A quantified relationship between exposure and disease; includes relative risk, rate ratio, odds ratio. A central value that best represents a distribution of data. Measures of central location include the mean, median, and mode. Also called the measure of central tendency. A measure of the spread of a distribution out from its central value. Measures of dispersion used in epidemiology include the interquartile range, variance, and the standard deviation. The measure of central location which divides a set of data into two equal parts. The monitoring of potentially exposed individuals to detect early symptoms of disease.

The halfway point or midpoint in a set of observations. For most types of data, it is calculated as the sum of the smallest observation and the largest observation, divided by two. For age data, one is added to the numerator. The midrange is usually calculated as an intermediate step in determining other measures. A measure of central location, the most frequently occurring value in a set of observations.

Any departure, subjective or objective, from a state of physiological or psychological well-being. A measure of the frequency of occurrence of death in a defined population during a specified interval of time. A ratio expressing the number of deaths among children under one year of age reported during a given time period divided by the number of births reported during the same time period. The infant mortality rate is usually expressed per 1, live births. A ratio expressing the number of deaths among children from birth up to but not including 28 days of age divided by the number of live births reported during the same time period.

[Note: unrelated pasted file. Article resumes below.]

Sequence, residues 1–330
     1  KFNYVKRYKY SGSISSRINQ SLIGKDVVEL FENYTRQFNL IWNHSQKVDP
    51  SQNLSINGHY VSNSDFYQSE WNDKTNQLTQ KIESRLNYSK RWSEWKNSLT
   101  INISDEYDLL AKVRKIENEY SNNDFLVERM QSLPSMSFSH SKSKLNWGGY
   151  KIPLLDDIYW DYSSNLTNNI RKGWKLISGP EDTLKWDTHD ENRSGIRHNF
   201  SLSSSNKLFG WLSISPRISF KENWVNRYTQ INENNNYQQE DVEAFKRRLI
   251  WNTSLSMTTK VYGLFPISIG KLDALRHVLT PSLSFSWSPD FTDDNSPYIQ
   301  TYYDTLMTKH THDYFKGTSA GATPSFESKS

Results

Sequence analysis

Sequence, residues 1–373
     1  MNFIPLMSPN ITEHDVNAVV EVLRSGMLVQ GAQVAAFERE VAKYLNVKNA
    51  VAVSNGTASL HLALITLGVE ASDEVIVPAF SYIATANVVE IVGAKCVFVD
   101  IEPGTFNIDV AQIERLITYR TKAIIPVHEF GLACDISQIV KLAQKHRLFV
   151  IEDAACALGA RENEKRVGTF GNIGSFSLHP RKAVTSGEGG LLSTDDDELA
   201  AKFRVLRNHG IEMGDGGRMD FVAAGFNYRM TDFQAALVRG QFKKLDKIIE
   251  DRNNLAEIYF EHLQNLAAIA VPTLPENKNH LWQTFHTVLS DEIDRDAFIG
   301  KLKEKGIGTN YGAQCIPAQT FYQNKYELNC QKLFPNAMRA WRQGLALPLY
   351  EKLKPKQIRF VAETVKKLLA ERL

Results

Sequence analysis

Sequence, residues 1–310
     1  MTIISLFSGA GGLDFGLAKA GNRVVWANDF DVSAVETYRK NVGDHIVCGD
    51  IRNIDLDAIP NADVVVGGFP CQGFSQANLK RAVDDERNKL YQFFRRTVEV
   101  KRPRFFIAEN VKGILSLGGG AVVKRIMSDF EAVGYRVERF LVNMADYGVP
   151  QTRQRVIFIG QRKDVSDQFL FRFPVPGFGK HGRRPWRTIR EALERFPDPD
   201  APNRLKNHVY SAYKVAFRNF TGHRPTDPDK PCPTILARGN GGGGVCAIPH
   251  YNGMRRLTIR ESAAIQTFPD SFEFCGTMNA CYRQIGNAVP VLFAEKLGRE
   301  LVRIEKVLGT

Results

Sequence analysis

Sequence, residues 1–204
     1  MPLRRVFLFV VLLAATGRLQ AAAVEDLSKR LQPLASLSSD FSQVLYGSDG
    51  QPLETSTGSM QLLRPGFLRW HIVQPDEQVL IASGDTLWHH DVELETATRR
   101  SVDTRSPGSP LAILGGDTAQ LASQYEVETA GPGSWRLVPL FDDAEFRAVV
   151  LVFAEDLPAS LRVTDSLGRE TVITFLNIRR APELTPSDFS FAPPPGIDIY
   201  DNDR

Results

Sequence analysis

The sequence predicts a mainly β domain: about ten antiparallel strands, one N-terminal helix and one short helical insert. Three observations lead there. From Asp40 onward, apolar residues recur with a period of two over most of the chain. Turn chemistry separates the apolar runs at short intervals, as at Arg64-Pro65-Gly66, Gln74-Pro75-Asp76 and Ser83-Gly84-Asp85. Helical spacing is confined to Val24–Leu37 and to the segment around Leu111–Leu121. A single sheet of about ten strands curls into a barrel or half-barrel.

The neonatal mortality rate is usually expressed per 1, live births. A ratio expressing the number of deaths among children from 28 days up to but not including 1 year of age during a given time period divided by the number of lives births reported during the same time period. The postneonatal mortality rate is usually expressed per 1, live births. The temporal course of disease from onset inception to resolution. A causal factor whose presence is required for the occurrence of the effect of disease. Classification into unordered qualitative categories; e. A bell-shaped curve that results when a normal distribution is graphed. The symmetrical clustering of values around a central location.

The properties of a normal distribution include the following: 1 It is a continuous, symmetrical distribution; both tails extend to infinity; 2 the arithmetic mean, mode, and median are identical; and, 3 its shape is completely determined by the mean and standard deviation. The upper portion of a fraction. Epidemiological study in situations where nature is allowed to take its course. Changes or differences in one characteristic are studied in relation to changes or differences in others, without the intervention of the investigator. A measure of association which quantifies the relationship between an exposure and health outcome from a comparative study; also known as the cross-product ratio. Classification into ordered qualitative categories; e.

Synonymous with epidemic. Sometimes the preferred word, as it may escape sensationalism associated with the word epidemic. Alternatively, a localized as opposed to generalized epidemic. An epidemic occurring over a very wide area several countries or continents and usually affecting a large proportion of the population. The proportion of persons infected, after exposure to a causative agent, who then develop clinical disease. The amount a particular disease present in a population over a period of time. A measure of the incidence rate of an event, e. The amount of a particular disease present in a population at a single point in time.

The total number of inhabitants of a given area or country. In sampling, the population may refer to the units from which the sample is drawn, not necessarily the total population of people. A measure of the predictive value of a reported case or epidemic; the proportion of cases reported by a surveillance system or classified by a case definition which are true cases. The number or proportion of cases or events or conditions in a given population. The proportion of persons in a population who have a particular disease or attribute at a specified point in time or over a specified period of time.